Kiselyov was seized by armed and masked men outside the Red Cross building in occupied Henichesk in the afternoon of 22 July 2022.  They forced him into a minivan without number plates, where they tied his hands and put a bag over his head, and also twisted a joint in his right shoulder.  With a gun pointed at his left knee, they asked him questions, such as where the ‘partisan unit’ was located that he purportedly ‘commanded’, where their supposed hiding place of weapons was kept, when members met, etc.  They claimed also that he had a nom de guerre, ‘handlers’ within the Ukrainian Armed Forces and SBU [Security Service], etc.  In seizing him, they twisted a joint in his right shoulder.

His Russian abductors took Kiselyov to the place where he has been living since Russia’s invasion and annexation forced him to leave Crimea.  At one point, they took the bag off his head and took a photo of him which they sent to somebody.  Having received confirmation that “it’s him”, they again put the bag over his head and continued driving. At his flat, one of the abductors took the keys out of Kiselyov’s pocket and opened the door.  During the search, Kiselyov was held in the kitchen, still with his hands bound and unable to see. He was not presented with any search or arrest warrants.  The term ‘search’ can only be used very loosely as his abductors found nothing of interest except his car; money in both Ukrainian hryvnia and US dollars; and deposit and credit cards, all of which they simply stole.

He was then taken to the basement of Henichesk Technical College No. 17 where he was held prisoner until 10 a.m. on 27 July. “All of that time, five days and nights, I was subjected to beatings and the most savage torture with electric currents.” They continued asking about the partisan movement; if he was involved in it; and about a supposed hiding place for weapons. They added two other questions, about alleged involved in the civic blockade of Crimea and about homes being built for members of the Noman Çelebicihan Battalion and for displaced people in general.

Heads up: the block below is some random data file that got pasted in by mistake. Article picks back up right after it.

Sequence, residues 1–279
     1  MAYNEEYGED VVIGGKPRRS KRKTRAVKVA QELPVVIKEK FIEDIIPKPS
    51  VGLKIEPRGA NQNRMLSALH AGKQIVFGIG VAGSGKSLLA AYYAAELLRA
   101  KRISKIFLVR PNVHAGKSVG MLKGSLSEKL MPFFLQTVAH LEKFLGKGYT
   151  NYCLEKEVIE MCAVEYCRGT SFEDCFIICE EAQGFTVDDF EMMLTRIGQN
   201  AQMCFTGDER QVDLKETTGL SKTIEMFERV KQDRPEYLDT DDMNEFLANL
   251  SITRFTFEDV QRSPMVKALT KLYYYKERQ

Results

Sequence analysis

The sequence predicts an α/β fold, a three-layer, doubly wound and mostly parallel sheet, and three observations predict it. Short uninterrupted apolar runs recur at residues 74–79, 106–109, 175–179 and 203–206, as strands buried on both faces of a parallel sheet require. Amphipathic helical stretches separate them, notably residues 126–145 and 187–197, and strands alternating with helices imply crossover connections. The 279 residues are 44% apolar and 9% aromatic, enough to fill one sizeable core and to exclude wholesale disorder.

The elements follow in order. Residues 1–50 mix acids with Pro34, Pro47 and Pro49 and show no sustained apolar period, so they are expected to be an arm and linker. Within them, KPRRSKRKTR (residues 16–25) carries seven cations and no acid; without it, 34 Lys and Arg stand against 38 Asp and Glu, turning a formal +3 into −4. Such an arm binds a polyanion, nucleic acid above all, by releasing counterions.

At 10 a.m. on 27 July, he was taken by car to occupied Crimea where, in the FSB building in Simferopol the torture continued.  Now, however, they demanded only one thing, that he ‘confess’ to taking part in the blockade of Crimea and being a member of the Noman Çelebicihan Battalion. 

Neither in Henichesk, nor in Crimea, did Kiselyov provide any of the demanded ‘confessions’, despite the torture leaving him with broken ribs, twisted joints in his arms and legs, and a broken tooth. 

It was only on 29 July, a full week after his abduction, that ‘investigator’ Sergei Bushuyev applied to the Russian-controlled ‘Kievsky district court’ in Simferopol for Kiselyov to be remanded in custody for two months, with this duly rubberstamped by ‘judge’ Valentina Kamyanina.  The sentenced passed by Liliana Solovyova on 17 February is for 8.5 years in a harsh regime prison colony, with the first year in a prison, the absolute worst of all Russian penitentiary institutions.  The sentence is not final, and Kiselyov and his lawyer, Alexei Ladin, will be appealing, but there are no grounds for optimism in such an evidently political prosecution.

 Share this